“Educate youself.” With Tyler Gallagher & Jean Thompson

I put my heart and soul into this business, and my team and partners do the same. If you rush or say “good enough” you will slowly erode the quality of your brand and company. It takes discipline to stay diligent about the quality and the details at every step, but it will pay off […]

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I put my heart and soul into this business, and my team and partners do the same. If you rush or say “good enough” you will slowly erode the quality of your brand and company. It takes discipline to stay diligent about the quality and the details at every step, but it will pay off in the long run.

As part of my series about the leadership lessons of accomplished business leaders, I had the pleasure of interviewing Jean Thompson, CEO and Owner of Seattle Chocolate Company.

Jean Thompson is the CEO and owner of Seattle Chocolate and jcoco. A longtime fan and investor in the company during her previous life as an executive at Microsoft, Jean acquired Seattle Chocolate after the Nisqually Earthquake destroyed the company’s factory in 2001, and with no prior C-suite experience, boldly stepped in as CEO to rebuild the business from the ground up.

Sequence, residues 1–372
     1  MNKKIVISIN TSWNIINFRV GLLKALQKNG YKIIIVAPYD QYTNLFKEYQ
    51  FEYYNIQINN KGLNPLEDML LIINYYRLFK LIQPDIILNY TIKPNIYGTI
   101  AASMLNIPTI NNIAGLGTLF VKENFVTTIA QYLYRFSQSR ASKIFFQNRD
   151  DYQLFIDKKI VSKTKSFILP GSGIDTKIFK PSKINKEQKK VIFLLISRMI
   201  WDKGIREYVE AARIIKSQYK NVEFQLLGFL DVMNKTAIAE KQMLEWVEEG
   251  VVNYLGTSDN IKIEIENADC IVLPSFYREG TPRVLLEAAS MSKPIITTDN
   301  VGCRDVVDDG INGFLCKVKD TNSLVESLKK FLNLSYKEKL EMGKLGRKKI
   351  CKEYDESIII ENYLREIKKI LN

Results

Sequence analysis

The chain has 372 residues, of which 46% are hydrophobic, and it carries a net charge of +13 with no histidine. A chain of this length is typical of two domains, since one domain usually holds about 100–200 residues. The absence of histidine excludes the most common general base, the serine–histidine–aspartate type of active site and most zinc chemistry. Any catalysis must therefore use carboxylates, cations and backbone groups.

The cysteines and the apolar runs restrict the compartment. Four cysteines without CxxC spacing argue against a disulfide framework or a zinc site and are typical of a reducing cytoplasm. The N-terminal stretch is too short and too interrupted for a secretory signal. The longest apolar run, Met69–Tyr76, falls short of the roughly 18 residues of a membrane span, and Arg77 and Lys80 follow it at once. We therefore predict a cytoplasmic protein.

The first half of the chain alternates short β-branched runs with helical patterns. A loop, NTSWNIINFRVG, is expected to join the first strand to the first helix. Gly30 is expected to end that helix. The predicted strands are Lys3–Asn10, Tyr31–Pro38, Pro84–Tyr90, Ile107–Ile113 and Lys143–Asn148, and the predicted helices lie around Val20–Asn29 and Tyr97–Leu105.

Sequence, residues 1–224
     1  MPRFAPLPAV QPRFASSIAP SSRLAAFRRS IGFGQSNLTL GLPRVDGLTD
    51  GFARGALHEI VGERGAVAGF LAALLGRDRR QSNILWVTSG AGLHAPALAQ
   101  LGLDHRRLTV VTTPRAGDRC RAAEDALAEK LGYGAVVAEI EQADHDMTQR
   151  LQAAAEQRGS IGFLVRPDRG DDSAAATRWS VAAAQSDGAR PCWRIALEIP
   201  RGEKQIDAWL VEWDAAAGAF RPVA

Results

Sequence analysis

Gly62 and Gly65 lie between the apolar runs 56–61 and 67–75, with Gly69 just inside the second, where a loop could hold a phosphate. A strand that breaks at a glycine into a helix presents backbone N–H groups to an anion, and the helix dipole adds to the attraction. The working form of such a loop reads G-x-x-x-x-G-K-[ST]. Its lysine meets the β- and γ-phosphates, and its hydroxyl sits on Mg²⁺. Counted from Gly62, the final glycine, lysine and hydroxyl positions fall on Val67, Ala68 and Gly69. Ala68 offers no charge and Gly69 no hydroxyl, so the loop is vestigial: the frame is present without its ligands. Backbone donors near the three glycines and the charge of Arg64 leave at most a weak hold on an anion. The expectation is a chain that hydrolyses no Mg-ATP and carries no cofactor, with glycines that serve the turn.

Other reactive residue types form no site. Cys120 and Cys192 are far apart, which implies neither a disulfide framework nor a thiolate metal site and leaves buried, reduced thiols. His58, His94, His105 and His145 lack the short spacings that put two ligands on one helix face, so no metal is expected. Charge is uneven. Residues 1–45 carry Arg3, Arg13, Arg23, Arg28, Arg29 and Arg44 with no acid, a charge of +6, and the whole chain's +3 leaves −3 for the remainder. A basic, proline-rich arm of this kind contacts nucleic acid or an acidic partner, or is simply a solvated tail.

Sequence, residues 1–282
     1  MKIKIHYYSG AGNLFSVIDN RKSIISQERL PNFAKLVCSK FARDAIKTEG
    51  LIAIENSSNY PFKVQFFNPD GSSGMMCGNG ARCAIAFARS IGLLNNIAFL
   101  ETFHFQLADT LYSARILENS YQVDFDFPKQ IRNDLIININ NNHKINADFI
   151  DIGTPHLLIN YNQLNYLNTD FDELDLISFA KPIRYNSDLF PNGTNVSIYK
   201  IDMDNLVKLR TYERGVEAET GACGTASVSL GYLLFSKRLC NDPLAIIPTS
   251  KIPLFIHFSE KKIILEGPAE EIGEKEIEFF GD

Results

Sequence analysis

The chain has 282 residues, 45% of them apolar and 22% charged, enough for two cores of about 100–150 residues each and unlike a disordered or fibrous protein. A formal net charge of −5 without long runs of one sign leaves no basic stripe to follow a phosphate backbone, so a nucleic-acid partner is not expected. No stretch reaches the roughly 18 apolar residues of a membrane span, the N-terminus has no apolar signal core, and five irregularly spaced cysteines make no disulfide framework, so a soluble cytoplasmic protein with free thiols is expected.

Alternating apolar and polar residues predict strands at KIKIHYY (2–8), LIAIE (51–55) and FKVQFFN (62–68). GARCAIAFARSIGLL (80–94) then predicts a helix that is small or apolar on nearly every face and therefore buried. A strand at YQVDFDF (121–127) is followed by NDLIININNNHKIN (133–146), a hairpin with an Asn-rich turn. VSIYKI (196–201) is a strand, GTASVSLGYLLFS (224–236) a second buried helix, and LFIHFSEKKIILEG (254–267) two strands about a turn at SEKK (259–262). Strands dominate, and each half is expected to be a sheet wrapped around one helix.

Dedicated to responsible sourcing, Jean and her team frequently visit cacao-growing regions around the world — including South America and Africa’s Gold Coast — to gain a better understanding of the production process on the ground. An advocate for education about the chocolate industry, Jean incorporates sourcing facts into Seattle Chocolate’s factory tour to open up the dialogue around cocoa farmers’ working conditions — a small step toward finding solutions to the centuries-old, undeniably problematic system. In December 2019, Jean delivered a TEDx Talk entitled, Imagine a World Without Chocolate, in which she discusses the nuances of the industry, and her hopes for its future.

Jean oversees the brand direction for both Seattle Chocolate and jcoco, and continues to inspire her team to push boundaries in the realm of chocolate. She sits on the board of a local, women-owned catering company, Gourmondo, the National Confectioners Association (NCA), Ethical Apparel Africa, and The World Trade Center of Washington. Jean also serves on the Tukwila City Committee, and is chairperson of the communications committee for the Fine Chocolate Industry Association (FCIA).